[gmx-users] freezing or constraining
jalemkul at vt.edu
Wed Jul 4 23:55:23 CEST 2018
On 7/4/18 5:52 PM, Dallas Warren wrote:
> Freezing means that the atoms are not able to move.
> Constrained means that the atoms can move around a certain point,
> there is some movement possible.
Not quite - though historically people have used "constrain" and
"restrain" interchangeably, that's not the case. A "constraint" strictly
refers to the fixing of a bonded interaction, whereas a "restraint" is
what you're talking about - a harmonic biasing potential that disfavors
> Catch ya,
> Dr. Dallas Warren
> Drug Delivery, Disposition and Dynamics
> Monash Institute of Pharmaceutical Sciences, Monash University
> 381 Royal Parade, Parkville VIC 3052
> dallas.warren at monash.edu
> When the only tool you own is a hammer, every problem begins to resemble a nail.
> On Tue, 3 Jul 2018 at 23:51, Alex <alexanderwien2k at gmail.com> wrote:
>> Dear all,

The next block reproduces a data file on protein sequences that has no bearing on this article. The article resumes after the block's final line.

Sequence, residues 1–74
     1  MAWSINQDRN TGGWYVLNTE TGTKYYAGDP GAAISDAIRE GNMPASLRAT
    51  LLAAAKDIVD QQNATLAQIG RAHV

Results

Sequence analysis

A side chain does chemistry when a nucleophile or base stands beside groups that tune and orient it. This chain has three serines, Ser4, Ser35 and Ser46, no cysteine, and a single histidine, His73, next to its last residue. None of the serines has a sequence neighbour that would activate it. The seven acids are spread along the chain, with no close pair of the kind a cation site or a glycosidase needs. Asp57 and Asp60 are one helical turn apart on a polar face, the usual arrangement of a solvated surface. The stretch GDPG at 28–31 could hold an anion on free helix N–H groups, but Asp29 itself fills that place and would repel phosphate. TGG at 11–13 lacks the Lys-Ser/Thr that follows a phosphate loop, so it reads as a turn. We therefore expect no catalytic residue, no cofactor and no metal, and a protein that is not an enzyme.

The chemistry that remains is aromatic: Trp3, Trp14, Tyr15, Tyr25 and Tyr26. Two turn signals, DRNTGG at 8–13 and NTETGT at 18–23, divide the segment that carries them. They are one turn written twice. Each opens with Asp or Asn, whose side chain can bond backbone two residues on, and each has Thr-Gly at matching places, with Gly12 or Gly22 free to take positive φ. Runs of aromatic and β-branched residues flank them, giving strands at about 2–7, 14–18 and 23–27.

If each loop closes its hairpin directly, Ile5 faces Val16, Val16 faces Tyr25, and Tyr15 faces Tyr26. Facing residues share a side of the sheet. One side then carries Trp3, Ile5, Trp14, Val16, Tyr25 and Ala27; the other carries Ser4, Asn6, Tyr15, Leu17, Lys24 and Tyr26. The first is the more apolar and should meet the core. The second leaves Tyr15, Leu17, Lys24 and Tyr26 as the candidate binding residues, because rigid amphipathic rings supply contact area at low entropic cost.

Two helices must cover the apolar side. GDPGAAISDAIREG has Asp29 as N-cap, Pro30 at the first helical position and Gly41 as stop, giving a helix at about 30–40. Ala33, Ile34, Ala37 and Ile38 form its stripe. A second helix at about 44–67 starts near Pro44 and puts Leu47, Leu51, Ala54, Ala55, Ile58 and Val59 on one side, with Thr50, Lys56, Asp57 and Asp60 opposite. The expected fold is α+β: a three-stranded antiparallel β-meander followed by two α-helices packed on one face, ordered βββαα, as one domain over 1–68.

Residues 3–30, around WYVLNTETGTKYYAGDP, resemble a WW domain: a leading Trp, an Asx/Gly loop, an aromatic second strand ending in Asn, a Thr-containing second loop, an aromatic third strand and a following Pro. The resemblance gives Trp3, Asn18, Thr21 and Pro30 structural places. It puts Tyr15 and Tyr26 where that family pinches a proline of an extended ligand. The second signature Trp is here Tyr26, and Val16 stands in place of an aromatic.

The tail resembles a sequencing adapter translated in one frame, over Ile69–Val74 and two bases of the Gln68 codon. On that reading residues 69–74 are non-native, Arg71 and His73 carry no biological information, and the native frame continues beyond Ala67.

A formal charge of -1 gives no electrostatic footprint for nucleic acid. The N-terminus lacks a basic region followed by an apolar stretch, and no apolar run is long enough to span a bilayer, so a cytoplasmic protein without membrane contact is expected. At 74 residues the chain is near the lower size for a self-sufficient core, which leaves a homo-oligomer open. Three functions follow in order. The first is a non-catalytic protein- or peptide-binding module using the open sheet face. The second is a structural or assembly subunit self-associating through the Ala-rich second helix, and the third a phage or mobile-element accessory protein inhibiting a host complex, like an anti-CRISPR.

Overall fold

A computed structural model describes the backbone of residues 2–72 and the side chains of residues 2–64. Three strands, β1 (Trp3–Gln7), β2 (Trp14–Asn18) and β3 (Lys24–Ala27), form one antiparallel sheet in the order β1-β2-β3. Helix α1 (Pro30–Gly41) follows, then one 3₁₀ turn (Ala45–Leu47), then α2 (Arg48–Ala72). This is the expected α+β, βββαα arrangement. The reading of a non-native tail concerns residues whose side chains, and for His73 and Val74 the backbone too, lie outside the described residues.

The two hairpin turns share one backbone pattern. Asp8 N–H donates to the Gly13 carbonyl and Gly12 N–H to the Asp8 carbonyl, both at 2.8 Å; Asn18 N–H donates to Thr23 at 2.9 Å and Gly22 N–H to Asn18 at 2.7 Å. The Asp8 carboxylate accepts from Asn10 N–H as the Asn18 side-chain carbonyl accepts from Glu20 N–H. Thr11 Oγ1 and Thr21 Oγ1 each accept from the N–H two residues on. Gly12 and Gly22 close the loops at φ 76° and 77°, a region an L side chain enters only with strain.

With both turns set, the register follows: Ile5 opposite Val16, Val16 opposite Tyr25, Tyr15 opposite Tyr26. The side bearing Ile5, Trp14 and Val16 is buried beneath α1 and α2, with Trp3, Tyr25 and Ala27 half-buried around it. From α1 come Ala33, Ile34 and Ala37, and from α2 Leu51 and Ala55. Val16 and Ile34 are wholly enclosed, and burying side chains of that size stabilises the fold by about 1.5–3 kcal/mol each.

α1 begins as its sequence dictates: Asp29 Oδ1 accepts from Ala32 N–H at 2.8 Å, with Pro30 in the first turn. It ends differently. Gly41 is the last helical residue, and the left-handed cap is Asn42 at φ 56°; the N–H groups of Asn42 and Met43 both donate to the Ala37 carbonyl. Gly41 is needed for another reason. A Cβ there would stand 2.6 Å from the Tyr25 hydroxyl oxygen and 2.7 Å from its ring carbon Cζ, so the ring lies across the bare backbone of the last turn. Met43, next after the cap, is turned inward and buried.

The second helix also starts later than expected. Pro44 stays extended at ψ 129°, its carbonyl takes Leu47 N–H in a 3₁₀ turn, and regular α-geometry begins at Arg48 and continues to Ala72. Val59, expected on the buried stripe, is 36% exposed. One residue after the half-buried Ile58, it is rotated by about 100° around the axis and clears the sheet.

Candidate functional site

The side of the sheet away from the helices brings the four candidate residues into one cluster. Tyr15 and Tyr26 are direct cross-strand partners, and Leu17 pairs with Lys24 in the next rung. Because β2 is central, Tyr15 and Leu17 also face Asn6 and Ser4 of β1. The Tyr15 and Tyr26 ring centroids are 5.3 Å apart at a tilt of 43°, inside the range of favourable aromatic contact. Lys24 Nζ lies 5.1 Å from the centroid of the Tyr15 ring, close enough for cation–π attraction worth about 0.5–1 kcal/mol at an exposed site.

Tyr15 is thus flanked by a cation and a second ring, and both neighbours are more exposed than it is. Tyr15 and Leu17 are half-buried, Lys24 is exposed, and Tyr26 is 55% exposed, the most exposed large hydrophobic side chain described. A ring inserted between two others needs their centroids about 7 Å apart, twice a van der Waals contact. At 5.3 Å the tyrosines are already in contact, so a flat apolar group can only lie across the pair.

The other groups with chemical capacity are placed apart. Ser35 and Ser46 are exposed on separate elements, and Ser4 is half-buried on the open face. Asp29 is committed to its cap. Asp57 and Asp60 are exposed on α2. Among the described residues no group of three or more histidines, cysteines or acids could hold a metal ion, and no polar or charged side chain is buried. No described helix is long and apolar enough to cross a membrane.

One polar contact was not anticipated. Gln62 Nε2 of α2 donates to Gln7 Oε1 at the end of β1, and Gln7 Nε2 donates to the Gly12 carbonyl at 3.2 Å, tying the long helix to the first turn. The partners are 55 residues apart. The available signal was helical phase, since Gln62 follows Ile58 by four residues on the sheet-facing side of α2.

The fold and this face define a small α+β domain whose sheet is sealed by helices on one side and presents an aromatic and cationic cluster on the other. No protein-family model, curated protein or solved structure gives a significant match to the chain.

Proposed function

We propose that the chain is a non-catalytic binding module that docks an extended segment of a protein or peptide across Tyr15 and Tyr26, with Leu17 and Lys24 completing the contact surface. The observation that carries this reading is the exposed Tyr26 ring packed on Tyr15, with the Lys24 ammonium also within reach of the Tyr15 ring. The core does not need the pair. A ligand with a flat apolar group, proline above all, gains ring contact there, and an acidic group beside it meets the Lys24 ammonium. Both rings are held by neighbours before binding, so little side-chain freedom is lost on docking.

>> In studying the solid surfaces, I have noticed that some people freeze or
>> constrain the slab's atoms to their initial or relaxed coordinates, I was
>> wondering if doing that is a proper approach? If it is, where the penalty
>> energy of being frozen or constrained goes?
>> I can understand that freezing the middle atomic layers to mimic the bulky
>> behaviors is acceptable to some extent not the whole slab!
>> Also, what is the difference between freezing and constraining in this
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Justin A. Lemkul, Ph.D.
Virginia Tech Department of Biochemistry
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